Analysis of proposed $150-million salmon factory farm in Belfast, Maine
Scale of the project: The land-based industrial fish farm being planned by Nordic Aqua Farms (NAF) would be one of the largest in the world, raising between 25,000 and 30,000 tons of salmon a year at full production. Many questions about the operation of such a facility can only be answered in theoretical models. A land-based industrial salmon farm of this magnitude has not been built and is not in operation at this point in time.
Siting and Zoning of the project: The NAF Industrial Salmon Farm would be located on 40 acres of wooded recreational and wildlife habitat in Belfast, adjacent to the Little River reservoirs and trail. The zoning allows 50’ tall building and/or paving over on up to 28 acres of the property, with just a 40 foot vegetated buffer strip from neighboring residential properties. It also allows for deep ground water wells to be drilled. Although the City will retain and preserve a 250’ wide shore land strip along the trail, it can grant rights to NAF to dig additional wells and make other changes within this strip.
Water Usage: NAF requires wells to be able to sustainably produce up to 1,200 gallons/minute. This translates into more than 1.7 million gallons of water/day, or more than 630 million gallons of water annually. This water will be drawn out of the Little River watershed, a 16.7 sq. mile watershed that stretches from the North side of Rt. 3 in Belfast westward into Belmont and southward into Northport. In addition, the Belfast Water District has agreed to sell NAF up to 262 million gallons of water annually. What will be the impact of this industry on our community water resources, both from the City and the aquifer? This total volume of water is nearly as much as is being drawn by Nestle out of four Maine locations! Will it affect neighboring wells and wetlands, or our reservoirs?
Fish Food: NAF intends to develop a Maine sourced salmon feed containing vegetable protein, fish oil and fish meal, and insect protein and algae. This type of fish feed is as yet undeveloped but will reportedly contain no GMOs or medications, but may still contain pesticide residues, heavy metals, and other contaminants. In addition, there are new techniques for gene modification, called “crisping”, that avoid GMO labeling at this point in time. Because salmon are carnivorous, the fish oil and meal are essential, and about 20% of the feed mix will be sourced from existing small species fisheries. How many tons of little fish will be required to produce feed to grow 25-30,000 tons a year? What will be the effect on our fisheries and the larger wild fish in the Bay?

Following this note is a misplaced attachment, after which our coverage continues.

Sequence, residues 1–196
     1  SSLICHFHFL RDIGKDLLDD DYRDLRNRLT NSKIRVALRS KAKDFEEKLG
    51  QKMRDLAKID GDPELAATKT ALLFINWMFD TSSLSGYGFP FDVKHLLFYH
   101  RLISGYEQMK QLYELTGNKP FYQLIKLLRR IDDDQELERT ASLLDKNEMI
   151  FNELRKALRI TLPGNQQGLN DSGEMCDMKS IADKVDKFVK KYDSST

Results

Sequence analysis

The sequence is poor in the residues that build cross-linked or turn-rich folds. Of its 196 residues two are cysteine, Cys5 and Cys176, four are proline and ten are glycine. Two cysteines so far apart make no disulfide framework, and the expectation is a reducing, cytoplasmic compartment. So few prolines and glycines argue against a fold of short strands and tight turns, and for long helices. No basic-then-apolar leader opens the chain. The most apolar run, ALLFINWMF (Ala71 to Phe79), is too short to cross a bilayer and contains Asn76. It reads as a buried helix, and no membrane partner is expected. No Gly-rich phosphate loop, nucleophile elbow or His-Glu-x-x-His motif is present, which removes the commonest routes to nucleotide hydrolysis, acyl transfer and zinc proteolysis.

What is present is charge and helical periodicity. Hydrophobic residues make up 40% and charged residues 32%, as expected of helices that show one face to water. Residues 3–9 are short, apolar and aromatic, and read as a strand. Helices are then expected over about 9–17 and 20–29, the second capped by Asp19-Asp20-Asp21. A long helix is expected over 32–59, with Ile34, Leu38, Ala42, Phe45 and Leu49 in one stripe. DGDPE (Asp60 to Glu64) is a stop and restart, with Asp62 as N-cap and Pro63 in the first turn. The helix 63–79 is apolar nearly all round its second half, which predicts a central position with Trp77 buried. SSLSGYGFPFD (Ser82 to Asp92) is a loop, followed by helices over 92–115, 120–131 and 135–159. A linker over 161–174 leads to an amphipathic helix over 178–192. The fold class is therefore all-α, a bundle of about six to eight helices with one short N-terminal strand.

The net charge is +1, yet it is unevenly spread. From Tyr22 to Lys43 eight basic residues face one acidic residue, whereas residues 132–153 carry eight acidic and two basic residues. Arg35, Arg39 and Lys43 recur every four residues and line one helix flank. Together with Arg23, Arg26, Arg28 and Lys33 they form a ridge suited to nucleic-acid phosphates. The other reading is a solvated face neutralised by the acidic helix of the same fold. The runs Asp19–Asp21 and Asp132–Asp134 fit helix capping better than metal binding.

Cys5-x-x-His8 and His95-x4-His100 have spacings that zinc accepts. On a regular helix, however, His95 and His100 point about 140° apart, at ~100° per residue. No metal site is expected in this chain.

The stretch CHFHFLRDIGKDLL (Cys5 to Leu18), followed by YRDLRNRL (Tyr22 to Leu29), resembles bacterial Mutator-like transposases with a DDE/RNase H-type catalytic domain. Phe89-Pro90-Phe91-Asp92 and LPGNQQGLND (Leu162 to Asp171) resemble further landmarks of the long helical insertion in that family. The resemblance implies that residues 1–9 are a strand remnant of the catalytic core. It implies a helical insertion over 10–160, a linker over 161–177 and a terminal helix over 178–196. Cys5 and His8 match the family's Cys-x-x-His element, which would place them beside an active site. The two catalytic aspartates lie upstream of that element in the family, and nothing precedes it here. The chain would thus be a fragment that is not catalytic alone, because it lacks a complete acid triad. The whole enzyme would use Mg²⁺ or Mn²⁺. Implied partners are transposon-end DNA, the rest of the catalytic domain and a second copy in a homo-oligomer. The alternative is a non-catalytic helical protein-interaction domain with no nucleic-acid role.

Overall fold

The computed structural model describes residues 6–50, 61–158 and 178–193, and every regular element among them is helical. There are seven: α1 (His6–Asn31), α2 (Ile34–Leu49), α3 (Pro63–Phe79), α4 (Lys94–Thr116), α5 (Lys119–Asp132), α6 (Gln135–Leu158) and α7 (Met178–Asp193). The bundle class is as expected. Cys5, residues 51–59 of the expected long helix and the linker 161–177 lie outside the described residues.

Discharge: Salmon require a constant flow and renewal of the water in the tanks, which will be up to 50% sea water. NAF plans to both draw water in and discharge water one mile out into the Bay, where the ocean depth is just 50 feet. Contrary to NAF’s predictions, the currents flow in complex circular paths around the islands, rather than flushing nearly 20 miles downstream into the open ocean. Despite extensive filtering systems that capture approximately 99% of the solids from the water before it is discharged, daily discharges will total approximately 1,600 pounds of nitrogen, 6-8 pounds of phosphorous, and 380 pounds of suspended solids. Warmer brackish water rise to the surface and increase the risk of algae blooms. How will this affect local mussel and kelp farms? How will other fisheries, such as lobster, be affected?